When I open the door to our place, the screaming baby sound assaults me along with an acrid smell, and I realize it’s B. She’s shaking and whimpering, and there’s a dark yellow puddle on the far end of the rug. I haven’t left her alone since I got back from the funeral, and I’d forgotten about her separation anxiety. 

“I thought you were never coming back,” she says.

“I’m sorry, B,” I say, squatting beside her. 

After I clean up the mess, I make out a check to our landlord. I look at the enormous number I’ve just written. This is the largest check I’ve ever written, the first time I’ve ever paid two people’s rents. I won’t be able to do this again next month. Though Mom is technically listed as our guarantor, we only listed her to get a competitive edge in a competitive market, a privilege you and I were both ashamed to have access to but not so ashamed that we didn’t take advantage of it. We asked her to be our guarantor then swore to each other that we’d never ask her or Dad for rent money, no matter what happened. 

I need to put in notice at work, but I don’t have the energy to deal with it today. I hardly have the energy to mail the check. And I know I should call Mom to check in, but I still haven’t found my phone, which is a convenient excuse.

“We’re going for a walk,” I tell B as I seal and stamp the envelope. I reach for her leash. She wiggles like a strand of cooked spaghetti.

We set off in search of a mailbox. At every corner, I expect to find a blue box, and at every corner I do not. We’ve just rounded the curved sidewalk that leads up the hill to Buena Vista Park when I finally spot one. I place the envelope in the box and feel a tugging from the end of the leash—B whining and pulling me toward the park.

As we ascend the hill, I catch glimpses of the downtown skyline and the bay. I notice the faraway edges of a lovely scent even through the three layers of my mask. Nobody is around, so I lower my mask and inhale eucalyptus and loam, petrichor, and something that smells like hope. I pull my mask back up, and B and I descend the dirt and wood steps out the other side of the park. Behind a nearby bush, I see a person in a sleeping bag and another person curled atop a winter coat. On the sidewalk, there’s an encampment of eight or nine tents, with a few shopping carts parked alongside. The number of people sleeping outside is astounding, and there are at least twice as many people as there were the last time I left the house.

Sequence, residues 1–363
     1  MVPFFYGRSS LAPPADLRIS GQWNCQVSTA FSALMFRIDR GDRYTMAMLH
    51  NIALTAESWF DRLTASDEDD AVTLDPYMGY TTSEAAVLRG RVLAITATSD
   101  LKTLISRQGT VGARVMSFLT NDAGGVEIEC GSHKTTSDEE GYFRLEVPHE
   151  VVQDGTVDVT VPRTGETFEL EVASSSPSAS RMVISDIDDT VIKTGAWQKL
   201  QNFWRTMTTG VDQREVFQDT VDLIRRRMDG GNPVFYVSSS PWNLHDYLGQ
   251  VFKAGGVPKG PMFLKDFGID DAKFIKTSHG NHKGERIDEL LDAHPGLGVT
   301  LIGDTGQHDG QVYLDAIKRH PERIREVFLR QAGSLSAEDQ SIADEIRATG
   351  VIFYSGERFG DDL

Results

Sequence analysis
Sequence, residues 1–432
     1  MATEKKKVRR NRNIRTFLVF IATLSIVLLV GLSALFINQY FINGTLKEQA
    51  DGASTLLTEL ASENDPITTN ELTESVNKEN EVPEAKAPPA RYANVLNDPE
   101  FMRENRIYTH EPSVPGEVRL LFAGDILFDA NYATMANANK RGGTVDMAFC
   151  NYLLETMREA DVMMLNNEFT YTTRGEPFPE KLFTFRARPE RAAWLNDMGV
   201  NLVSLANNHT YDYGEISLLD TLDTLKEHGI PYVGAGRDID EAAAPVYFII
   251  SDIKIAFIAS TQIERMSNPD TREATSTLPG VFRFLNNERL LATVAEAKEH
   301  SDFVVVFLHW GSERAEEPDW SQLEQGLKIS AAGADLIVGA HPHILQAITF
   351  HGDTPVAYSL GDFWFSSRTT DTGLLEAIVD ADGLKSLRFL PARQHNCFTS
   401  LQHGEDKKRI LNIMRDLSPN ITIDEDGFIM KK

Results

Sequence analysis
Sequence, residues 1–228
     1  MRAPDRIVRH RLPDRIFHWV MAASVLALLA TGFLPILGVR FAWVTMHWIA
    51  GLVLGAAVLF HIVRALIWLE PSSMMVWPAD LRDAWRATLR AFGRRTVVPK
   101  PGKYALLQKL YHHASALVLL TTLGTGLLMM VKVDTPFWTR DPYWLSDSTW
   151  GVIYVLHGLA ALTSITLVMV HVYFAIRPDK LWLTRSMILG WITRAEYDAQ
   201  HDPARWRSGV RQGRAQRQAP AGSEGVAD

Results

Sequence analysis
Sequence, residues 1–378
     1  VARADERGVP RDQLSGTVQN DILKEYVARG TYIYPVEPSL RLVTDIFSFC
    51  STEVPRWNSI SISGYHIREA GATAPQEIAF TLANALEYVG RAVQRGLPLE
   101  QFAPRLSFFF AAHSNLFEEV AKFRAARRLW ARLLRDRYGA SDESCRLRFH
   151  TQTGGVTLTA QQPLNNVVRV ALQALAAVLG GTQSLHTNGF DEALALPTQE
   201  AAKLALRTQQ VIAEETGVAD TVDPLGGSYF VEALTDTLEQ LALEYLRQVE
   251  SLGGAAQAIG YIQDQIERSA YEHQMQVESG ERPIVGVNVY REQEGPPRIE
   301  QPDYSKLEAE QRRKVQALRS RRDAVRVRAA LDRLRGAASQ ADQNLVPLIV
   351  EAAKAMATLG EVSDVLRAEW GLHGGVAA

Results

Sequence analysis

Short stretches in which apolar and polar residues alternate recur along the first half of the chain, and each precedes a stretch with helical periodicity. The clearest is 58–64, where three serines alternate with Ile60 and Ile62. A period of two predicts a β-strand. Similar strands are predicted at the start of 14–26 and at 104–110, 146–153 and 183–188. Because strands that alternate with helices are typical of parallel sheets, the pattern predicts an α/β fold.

“This way,” B says, pulling me toward the Haight. 

On Haight Street we pass another tent encampment as well as shop windows that are boarded up and the small venue where you performed your last stand-up act. It was a month before you died, and everyone agreed that it was your best work yet. I loved watching you onstage, amazed that this gregarious, charming man was in fact my sensitive and often sullen big brother. How far you’d come from our childhood puppet shows. The marquee at the club reads: Closed until further notice. Wear a mask, San Francisco.

Bialy leads me through Golden Gate Park. We walk and walk and finally pass the Music Concourse, where I see an unfamiliar structure: a Ferris wheel that I’ve never seen before. I wonder if it’s new, or if I’ve simply been sleepwalking through the city these past two years. B pulls me through the park, past ponds and playgrounds, through the roller-skating rink and bison paddock. Just north of the park, I start to worry how we’ll get back if we keep walking. Though she only weighs ten pounds, I’m not sure I have the strength to carry B all the way home. B is determined, quickening her pace and leading me down tree-lined streets and into the Presidio. The trees are taller than I recall, grander, and the park is so large and empty. Suddenly, B perks an ear. There’s a haunting whistling in the wind.

“What is that?” B asks with a growl.